Student Spotlight: Katarina Evans' Discovery May Help Save Old World Monkeys
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- Student Spotlight: Katarina Evans' Discovery May Help Save Old World Monkeys
Katarina Evans in the field (Photo courtesy of Evans)
By Lida Tunesi
For an aspiring primatologist facing COVID-related travel restrictions, Graduate Center Ph.D. candidate Katarina Evans (Anthropology) is having a surprisingly productive spring. She recently published her first, first-authored journal article and is making progress on her dissertation research.
In a paper in the International Journal of Primatology, Evans and three co-authors, including Professor Jessica Rothman (GC/Hunter, Anthropology) describe some findings about the diets of Old World monkeys that may impact conservation efforts. They found that the usual way of measuring protein in the Old World monkeys’ leafy foods overestimates the amount that the primates can actually digest. At least, this is the case for colobine monkeys living in Kibale National Park in Uganda.
It’s common for scientists to predict primate biomass, or the weight of monkeys living in one square kilometer, by looking at the protein content of the leaves the primates eat. But for the colobines in Kibale, the amount of traditionally-measured “crude protein” in the leaves was much higher than the amount the monkeys actually take in. This is because things like tannins and fiber can make proteins harder to digest, Evans explained. To remedy this, Evans and her co-authors suggest using “available protein,” a metric that takes these factors into account.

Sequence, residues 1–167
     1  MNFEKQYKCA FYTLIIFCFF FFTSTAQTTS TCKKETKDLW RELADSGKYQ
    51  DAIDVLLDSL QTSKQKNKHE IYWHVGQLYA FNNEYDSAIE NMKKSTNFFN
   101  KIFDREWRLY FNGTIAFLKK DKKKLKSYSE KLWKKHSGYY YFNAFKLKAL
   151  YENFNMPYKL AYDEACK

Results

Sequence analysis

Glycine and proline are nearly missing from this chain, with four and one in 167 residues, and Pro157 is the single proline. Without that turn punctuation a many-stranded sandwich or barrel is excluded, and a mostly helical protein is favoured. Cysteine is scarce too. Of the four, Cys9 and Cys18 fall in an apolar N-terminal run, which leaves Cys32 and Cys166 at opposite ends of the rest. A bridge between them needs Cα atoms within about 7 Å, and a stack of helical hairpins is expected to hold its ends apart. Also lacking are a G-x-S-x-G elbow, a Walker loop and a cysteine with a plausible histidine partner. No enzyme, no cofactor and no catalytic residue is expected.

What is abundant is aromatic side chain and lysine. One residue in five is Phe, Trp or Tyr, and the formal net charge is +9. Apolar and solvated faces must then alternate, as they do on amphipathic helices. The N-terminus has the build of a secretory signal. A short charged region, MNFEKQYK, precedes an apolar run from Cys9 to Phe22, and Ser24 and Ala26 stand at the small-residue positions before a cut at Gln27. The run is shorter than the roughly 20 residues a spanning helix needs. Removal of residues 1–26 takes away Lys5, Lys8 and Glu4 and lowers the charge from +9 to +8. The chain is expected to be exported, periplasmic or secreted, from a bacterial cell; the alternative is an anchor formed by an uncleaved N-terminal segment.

But even with the new measurement, Evans and co-authors found that they couldn’t predict colobine biomass just by looking at protein. Instead, scientists should start taking a closer look at fiber and other nutrients, which might play a bigger role in biomass than previously thought, they wrote.
“Our hope is that more primate ecologists will use available protein, rather than crude protein, in future studies,” Evans said. “Our findings have implications for conservation because they provide us with greater insight into the nutritional needs of these monkeys.” For instance, knowing which tree species and forest areas the monkeys need to survive can help determine what to protect from logging operations.
As a physical anthropology student, Evans is part of the New York Consortium in Evolutionary Primatology, or NYCEP, which brings together resources from the American Museum of Natural History, Columbia University, and others, along with CUNY. It was through an NYCEP internship that Evans began working with Professor Rothman on this new study.
“NYCEP has allowed me to expand my academic network and gain experience with various scientists and labs across several CUNY colleges and other institutions,” Evans said. “Through this internship I’ve also gained experience in nutritional biochemistry wet lab techniques.”
Though Evans didn’t collect the sample leaves used in this study, she did travel to Kibale for different research, on the noises that mangabey monkeys make when feeding or finding different foods.
“Being in the field is wonderful,” Evans said. “Seeing primates and other animals in the wild is such a special and profound experience, and walking through the Kibale forest watching monkeys felt magical. I also formed friendships that I will carry with me throughout my life.”
Evans’ dissertation will analyze the characteristics that lead to the intense bonds between male and female hamadryas baboons, like herding, neck-biting, responses to such aggression, and physical traits like big, fluffy manes and bright red skin. For this work, she visited Awash National Park in Ethiopia, where she observed the baboons’ social lives and behavior up close.
Between her observations from Awash and videos of wild baboons collected by her Ph.D. adviser, Professor Larissa Swedell (GC/Queens; Anthropology, Biology, Psychology/Anthropology), Evans said has had enough material and data to stay busy during the pandemic. She had planned on traveling to the Netherlands to visit captive hamadryas baboons in zoos but will now be staying closer to home, visiting zoos around the U.S. in the coming weeks.
“Overall,” Evans said, “my experience doing research as a GC student has been invaluable and formative as I grow into becoming the scientist I would like to be.”
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Submitted on: APR 26, 2021
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